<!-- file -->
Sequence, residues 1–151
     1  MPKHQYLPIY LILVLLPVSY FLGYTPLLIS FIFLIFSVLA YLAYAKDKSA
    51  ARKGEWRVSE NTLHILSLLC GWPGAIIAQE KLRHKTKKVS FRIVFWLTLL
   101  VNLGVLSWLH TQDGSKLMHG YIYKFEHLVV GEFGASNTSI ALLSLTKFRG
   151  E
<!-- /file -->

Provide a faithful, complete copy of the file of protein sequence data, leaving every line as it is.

Sequence, residues 1–151
     1  MPKHQYLPIY LILVLLPVSY FLGYTPLLIS FIFLIFSVLA YLAYAKDKSA
    51  ARKGEWRVSE NTLHILSLLC GWPGAIIAQE KLRHKTKKVS FRIVFWLTLL
   101  VNLGVLSWLH TQDGSKLMHG YIYKFEHLVV GEFGASNTSI ALLSLTKFRG
   151  E